Scientists unveil the bird family tree
Researchers from 20 countries look at 48 species to reveal how they have flourished
Scientists have unveiled the most comprehensive bird "family tree" ever devised, using genetic data from 48 species to trace how modern bird lineages arose and flourished after the mass extinction that killed off the dinosaurs.
The work by researchers from 20 countries helps clarify the evolutionary relationships of modern bird groups and reveals the genetic underpinning of traits such as singing, toothlessness, colorful feathers and colour vision. The scientists decoded the genomes, an organism's genetic material, of 45 bird species and analysed those of three others previously sequenced. The list covered nearly all of the living bird groups.
The species included penguins, falcons, eagles, woodpeckers, owls, vultures, pelicans, cranes, crows, hornbills, cormorants, hummingbirds, pigeons, ducks, chickens, turkeys, ostriches, finches, loons, flamingos, swifts, and even the White-throated Tinamou.
"We have produced a well-resolved bird family tree and provided a clear picture of how the modern birds originated and evolved," said geneticist Guojie Zhang of the BGI genome research centre in Shenzhen and the University of Copenhagen.
Scientists think birds evolved from small, feathered dinosaurs. The earliest known bird, Archaeopteryx, was found to have lived 150 million years ago.
The researchers said most bird lineages from the age of dinosaurs disappeared during the mass extinction roughly 65 million years ago thought to have resulted from an asteroid striking the earth.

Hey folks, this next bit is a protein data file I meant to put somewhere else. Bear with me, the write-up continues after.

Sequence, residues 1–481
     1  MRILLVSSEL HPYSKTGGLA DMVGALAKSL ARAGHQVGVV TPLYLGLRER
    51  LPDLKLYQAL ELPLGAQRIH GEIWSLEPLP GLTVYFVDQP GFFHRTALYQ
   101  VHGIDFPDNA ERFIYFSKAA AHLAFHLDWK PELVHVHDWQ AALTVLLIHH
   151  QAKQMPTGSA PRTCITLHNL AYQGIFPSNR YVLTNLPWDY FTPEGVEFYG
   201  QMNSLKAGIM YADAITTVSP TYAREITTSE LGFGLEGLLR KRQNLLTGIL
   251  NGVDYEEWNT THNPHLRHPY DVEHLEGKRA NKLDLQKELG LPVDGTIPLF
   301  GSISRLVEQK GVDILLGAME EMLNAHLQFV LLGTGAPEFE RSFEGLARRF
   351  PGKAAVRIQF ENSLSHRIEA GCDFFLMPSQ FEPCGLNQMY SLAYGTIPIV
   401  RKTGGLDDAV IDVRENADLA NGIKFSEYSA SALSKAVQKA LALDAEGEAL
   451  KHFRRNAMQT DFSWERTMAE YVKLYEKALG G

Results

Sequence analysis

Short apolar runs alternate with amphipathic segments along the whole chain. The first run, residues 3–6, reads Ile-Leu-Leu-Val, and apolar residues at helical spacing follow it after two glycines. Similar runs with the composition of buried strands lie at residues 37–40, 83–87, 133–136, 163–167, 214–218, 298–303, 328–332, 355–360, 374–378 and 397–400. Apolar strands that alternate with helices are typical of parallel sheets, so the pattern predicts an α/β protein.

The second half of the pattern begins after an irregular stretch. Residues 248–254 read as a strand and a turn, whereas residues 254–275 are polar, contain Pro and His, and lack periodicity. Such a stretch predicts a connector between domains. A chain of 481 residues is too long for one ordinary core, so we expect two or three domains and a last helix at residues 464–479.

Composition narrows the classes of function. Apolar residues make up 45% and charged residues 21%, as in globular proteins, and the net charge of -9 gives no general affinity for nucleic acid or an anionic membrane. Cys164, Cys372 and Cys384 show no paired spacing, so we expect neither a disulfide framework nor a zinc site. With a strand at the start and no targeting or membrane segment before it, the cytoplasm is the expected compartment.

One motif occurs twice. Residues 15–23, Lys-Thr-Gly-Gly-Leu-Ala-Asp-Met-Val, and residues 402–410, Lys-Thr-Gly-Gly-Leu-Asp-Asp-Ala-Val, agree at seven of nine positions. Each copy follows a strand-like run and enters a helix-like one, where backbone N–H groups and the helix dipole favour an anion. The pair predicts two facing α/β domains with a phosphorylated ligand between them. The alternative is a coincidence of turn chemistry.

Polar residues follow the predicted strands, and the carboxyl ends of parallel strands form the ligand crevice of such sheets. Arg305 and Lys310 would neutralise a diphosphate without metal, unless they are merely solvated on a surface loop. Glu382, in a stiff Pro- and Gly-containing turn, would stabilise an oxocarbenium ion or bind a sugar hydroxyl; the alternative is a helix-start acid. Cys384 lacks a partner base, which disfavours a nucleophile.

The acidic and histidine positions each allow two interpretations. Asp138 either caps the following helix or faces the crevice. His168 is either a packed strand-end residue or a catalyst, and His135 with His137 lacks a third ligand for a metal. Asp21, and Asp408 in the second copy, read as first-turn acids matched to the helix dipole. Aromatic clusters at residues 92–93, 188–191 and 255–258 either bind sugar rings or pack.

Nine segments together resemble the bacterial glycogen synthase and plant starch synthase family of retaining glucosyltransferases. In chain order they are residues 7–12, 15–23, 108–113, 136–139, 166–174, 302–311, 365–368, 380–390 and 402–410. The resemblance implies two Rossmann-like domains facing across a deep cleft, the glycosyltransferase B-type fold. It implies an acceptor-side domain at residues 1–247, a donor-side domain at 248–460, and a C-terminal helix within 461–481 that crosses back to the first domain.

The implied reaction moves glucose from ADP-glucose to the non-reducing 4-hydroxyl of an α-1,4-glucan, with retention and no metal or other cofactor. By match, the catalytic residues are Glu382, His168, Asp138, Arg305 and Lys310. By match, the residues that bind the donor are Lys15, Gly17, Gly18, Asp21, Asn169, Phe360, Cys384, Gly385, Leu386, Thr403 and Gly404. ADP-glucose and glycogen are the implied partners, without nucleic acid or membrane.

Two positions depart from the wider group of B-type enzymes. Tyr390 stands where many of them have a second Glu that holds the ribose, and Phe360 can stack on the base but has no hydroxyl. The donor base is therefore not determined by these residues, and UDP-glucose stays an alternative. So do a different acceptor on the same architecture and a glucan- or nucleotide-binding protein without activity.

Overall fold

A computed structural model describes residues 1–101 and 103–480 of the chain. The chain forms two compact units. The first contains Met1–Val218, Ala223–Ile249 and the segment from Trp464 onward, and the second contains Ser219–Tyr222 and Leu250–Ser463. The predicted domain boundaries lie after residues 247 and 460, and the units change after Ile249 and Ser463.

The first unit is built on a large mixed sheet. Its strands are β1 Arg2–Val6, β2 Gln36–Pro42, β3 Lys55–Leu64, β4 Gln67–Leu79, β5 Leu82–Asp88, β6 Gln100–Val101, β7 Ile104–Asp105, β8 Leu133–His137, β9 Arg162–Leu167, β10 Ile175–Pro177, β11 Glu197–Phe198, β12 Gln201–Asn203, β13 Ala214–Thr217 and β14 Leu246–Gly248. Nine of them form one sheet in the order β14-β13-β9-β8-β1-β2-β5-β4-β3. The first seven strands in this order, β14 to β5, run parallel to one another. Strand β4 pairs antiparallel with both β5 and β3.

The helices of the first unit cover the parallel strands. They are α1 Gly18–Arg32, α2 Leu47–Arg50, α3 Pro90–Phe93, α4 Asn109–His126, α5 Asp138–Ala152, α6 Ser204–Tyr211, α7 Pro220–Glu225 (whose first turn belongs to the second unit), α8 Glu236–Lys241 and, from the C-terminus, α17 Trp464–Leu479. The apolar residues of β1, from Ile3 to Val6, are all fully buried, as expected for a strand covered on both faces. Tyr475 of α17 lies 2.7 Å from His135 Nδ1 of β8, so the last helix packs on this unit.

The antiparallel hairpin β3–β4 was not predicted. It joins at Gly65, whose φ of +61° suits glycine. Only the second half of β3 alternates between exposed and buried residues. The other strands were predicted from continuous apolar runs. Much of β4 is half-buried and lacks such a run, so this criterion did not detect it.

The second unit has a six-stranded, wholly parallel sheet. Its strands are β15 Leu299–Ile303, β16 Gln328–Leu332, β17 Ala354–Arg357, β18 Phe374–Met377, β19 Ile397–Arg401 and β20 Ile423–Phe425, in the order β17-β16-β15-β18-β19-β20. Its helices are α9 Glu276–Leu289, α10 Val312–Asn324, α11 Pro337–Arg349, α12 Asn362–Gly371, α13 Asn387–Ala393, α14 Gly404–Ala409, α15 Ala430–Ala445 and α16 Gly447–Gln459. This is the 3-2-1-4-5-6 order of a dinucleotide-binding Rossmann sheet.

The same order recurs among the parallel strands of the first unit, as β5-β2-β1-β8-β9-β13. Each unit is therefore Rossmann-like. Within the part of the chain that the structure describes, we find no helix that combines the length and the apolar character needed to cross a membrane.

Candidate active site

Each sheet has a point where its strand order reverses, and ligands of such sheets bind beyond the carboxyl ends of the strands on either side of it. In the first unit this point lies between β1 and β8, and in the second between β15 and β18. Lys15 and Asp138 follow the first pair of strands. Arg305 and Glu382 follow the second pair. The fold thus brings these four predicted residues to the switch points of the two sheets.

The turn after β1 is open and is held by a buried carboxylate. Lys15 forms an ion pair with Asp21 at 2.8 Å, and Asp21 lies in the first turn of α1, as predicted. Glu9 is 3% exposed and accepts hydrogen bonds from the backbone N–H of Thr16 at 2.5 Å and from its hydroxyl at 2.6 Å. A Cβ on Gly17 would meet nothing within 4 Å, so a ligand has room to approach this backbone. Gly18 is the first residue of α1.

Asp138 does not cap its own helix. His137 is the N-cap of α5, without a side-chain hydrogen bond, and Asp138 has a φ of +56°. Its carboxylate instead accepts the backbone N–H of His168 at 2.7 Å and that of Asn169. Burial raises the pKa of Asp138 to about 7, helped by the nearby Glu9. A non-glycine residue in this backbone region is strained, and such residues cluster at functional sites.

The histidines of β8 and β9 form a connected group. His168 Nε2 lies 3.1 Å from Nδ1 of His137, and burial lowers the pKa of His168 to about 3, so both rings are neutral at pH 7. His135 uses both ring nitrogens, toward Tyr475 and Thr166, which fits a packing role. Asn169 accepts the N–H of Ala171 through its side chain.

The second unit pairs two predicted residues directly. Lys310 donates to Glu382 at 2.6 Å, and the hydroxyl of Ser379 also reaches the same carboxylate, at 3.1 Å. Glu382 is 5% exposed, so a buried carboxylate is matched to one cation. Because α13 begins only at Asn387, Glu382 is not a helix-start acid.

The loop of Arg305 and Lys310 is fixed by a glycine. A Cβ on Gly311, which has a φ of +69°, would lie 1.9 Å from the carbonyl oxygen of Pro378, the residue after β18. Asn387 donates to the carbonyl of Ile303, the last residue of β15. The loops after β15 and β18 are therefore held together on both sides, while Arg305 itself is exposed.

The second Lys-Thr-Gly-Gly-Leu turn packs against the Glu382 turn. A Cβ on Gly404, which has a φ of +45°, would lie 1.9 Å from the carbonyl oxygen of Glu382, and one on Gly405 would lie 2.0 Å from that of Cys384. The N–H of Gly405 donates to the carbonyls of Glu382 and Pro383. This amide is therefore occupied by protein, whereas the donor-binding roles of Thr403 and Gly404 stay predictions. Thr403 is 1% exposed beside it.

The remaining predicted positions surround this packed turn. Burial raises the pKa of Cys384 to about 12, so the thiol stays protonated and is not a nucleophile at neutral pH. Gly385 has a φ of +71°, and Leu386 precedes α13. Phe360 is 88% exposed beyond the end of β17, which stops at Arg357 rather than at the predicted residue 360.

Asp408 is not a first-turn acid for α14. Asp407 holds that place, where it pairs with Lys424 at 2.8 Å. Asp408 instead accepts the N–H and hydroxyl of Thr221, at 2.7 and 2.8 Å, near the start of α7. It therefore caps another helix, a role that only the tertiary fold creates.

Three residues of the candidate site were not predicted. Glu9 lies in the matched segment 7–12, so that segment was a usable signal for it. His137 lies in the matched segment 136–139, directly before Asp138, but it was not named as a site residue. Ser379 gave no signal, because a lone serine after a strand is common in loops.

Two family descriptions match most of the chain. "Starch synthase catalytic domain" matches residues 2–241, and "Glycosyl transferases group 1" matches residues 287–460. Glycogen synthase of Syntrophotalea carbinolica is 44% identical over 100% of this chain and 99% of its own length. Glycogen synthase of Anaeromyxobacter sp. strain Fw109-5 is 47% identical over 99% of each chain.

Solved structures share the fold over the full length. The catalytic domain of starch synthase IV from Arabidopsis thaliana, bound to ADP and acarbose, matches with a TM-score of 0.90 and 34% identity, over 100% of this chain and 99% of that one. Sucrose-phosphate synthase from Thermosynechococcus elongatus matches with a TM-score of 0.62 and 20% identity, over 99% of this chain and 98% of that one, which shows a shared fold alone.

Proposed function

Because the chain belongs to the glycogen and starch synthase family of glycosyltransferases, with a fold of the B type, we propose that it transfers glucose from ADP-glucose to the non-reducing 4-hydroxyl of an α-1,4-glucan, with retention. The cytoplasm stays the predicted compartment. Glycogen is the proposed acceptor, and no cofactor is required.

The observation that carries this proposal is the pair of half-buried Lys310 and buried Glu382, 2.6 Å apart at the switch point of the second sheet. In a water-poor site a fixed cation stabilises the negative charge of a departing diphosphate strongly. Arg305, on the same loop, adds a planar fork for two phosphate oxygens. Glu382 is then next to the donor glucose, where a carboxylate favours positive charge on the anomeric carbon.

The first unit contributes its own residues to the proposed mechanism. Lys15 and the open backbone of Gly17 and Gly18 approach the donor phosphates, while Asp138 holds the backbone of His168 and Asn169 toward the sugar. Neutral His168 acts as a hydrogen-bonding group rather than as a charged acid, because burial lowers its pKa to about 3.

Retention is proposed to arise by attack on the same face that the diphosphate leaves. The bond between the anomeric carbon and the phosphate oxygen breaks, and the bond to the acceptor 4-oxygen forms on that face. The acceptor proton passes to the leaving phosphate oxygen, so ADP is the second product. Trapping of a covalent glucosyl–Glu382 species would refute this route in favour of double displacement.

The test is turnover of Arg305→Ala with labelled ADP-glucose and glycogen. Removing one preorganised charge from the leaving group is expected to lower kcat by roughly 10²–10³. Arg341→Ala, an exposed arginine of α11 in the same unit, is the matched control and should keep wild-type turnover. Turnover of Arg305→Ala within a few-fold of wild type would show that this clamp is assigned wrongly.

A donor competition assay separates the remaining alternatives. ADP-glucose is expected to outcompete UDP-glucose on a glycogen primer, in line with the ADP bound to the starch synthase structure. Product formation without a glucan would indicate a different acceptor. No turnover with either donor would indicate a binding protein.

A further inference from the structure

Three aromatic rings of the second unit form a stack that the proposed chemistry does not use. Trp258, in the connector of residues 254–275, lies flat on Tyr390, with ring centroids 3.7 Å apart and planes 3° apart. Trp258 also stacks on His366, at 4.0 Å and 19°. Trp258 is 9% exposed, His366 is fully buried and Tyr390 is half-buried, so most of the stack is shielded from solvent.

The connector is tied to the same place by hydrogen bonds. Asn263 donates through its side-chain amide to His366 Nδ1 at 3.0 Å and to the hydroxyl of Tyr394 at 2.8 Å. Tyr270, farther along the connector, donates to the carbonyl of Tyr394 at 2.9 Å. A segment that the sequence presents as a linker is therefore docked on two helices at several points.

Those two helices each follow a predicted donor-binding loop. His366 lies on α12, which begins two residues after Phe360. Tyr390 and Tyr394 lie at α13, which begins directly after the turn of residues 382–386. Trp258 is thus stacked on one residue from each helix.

"Birds are dinosaurs. They're the one lineage of dinosaurs that made it through the mass extinction," University of Florida biology professor Ed Braun said.
The analysis focused on a group called Neoaves that includes nearly all of today's 10,000-plus bird species. Its evolutionary explosion spanned 10 to 15 million years following the mass extinction, which opened numerous ecological niches previously occupied by other dinosaurs and flying reptiles called pterosaurs.
This "big bang" diversification of species gave rise to 95 percent of today's birds, Duke University Medical School neurobiologist Erich Jarvis said.
The large flightless birds such as the ostrich were confirmed as the family tree's oldest branch. The scientists said the chicken genome is probably the closest of any species to the ancestor of birds. The research found singing evolved independently in songbirds, parrots and hummingbirds and showed that the set of about 50 genes involved in birdsong is similar to those involved in human speech.
Crocodiles were found to be birds' closest living relatives, with a common ancestor 240 million years ago.
The research was published on Thursday in the journal Science and other publications.